After the Second World War, there was greater immigration by skilled and professional Muslims who spoke French settled in Quebec. Muslims from Africa, South/South East Asia and the Caribbean continued to come to Canada with hopes and dreams like their many other immigrant counterparts. By 1971 there were well over 33,000 Muslims who were contributing and weaving themselves into the Canadian fabric.

Over time, we understood the importance of working to a better way of being as Canadians. By 1982 this took the form of our Canadian Charter of Rights and Freedoms. While it did not erase the systemic inequities and many of the ways that society disenfranchises indigenous, racialized and minoritized communities, it provided a blueprint for us to work towards -- one that was solidly anchored in human rights for all, that celebrated and valued diversity and democracy within a secular society.

Islamophobia and all forms of identity politics is a cancer. Its damage will not only affect Muslim Canadians, it will affect us all.

Today Muslims continue to embrace their Canadian identities in many diverse ways. Like Christianity, there are many ways of approaching their understandings of faith and their responsibilities as Canadian citizens.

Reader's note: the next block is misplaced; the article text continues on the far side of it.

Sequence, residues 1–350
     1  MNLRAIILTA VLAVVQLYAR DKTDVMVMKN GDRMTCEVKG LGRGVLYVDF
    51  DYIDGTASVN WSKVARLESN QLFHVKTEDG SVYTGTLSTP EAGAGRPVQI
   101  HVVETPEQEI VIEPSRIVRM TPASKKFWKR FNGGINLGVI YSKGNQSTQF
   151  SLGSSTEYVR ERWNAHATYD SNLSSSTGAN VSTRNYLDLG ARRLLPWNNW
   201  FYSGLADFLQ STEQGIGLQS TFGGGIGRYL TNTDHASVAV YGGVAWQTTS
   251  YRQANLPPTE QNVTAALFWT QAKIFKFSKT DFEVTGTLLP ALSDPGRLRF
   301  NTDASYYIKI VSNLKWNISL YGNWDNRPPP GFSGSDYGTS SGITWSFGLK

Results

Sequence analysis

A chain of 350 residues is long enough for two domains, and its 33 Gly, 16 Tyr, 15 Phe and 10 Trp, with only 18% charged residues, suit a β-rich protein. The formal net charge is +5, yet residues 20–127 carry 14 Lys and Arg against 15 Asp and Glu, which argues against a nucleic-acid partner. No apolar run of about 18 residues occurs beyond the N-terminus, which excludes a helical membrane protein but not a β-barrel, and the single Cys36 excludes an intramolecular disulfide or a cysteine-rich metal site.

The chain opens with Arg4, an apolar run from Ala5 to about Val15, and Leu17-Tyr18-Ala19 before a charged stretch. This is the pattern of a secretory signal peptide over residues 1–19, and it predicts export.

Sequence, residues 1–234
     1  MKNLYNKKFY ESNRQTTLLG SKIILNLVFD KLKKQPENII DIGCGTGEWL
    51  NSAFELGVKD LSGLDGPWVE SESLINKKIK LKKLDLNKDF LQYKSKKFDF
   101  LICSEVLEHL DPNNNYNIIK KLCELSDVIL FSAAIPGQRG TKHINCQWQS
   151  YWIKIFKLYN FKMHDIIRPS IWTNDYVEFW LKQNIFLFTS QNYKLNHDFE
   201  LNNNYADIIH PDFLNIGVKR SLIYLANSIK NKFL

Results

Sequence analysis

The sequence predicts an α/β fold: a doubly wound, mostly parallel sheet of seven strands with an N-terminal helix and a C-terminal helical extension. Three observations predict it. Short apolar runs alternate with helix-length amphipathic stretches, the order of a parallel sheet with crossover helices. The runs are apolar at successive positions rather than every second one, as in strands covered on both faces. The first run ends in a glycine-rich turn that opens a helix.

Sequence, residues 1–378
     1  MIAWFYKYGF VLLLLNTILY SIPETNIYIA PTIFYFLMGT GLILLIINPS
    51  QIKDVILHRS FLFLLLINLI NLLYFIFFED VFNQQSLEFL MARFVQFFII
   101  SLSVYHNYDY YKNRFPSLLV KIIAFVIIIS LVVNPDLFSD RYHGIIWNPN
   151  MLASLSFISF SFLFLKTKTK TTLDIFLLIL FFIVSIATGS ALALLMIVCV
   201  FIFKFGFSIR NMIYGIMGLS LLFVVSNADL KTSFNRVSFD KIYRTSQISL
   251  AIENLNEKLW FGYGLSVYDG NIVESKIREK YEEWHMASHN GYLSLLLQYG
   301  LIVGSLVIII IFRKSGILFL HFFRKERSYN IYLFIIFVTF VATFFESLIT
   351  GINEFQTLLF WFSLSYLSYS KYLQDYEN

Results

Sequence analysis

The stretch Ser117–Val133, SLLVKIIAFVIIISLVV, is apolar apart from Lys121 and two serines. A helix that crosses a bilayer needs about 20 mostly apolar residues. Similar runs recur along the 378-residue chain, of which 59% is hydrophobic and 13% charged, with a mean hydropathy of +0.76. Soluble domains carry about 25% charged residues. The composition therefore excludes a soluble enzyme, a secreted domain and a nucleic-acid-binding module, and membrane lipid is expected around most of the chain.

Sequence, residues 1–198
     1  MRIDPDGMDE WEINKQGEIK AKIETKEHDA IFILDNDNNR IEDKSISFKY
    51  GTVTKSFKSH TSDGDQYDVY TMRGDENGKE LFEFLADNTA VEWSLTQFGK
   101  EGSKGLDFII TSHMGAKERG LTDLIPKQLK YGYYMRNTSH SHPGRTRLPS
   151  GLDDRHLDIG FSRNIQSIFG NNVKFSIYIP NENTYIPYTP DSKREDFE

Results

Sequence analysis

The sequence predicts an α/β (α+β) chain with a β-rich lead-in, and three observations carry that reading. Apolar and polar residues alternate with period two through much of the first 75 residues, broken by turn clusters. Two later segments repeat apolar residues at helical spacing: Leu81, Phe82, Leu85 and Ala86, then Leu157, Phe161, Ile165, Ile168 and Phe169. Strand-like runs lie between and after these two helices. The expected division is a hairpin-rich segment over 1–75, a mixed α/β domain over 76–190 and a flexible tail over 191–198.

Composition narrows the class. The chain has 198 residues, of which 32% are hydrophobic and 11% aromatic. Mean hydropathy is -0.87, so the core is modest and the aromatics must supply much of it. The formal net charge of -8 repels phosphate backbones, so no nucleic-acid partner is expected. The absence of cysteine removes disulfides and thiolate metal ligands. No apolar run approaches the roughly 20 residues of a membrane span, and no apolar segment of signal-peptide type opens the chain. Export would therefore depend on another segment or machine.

What we are seeing now in terms of Islamophobia against Muslims in Canada is a continuation of many other forms of discrimination faced by many others through our history. The list of ways that Muslims have helped and continue to contribute to build Canada is long, extensive and beautiful. No one has the right to demand they prove that they are Canadian, just as it should not have been done to the Irish, Ukrainians, Jews, Chinese, Italians, Japanese, black Canadians... (this list is also long).

Islamophobia and all forms of identity politics is a cancer, and like all cancers, its damage will not only affect Muslim Canadians, it will affect us all. We must amplify our voices to continue to speak up for human rights and not hearken back to a mythical time that really did not exist. Instead, we must stay focused on what we learned from the injustices throughout our history. There is a better way forward and it can only come when there is justice and human rights for the original peoples and all other peoples on Turtle Island, in the part we call Canada today.

That is the Canada we want and continue to work towards.

Follow HuffPost Canada Blogs on Facebook

Also on HuffPost:

Indigenous Concerns In Canada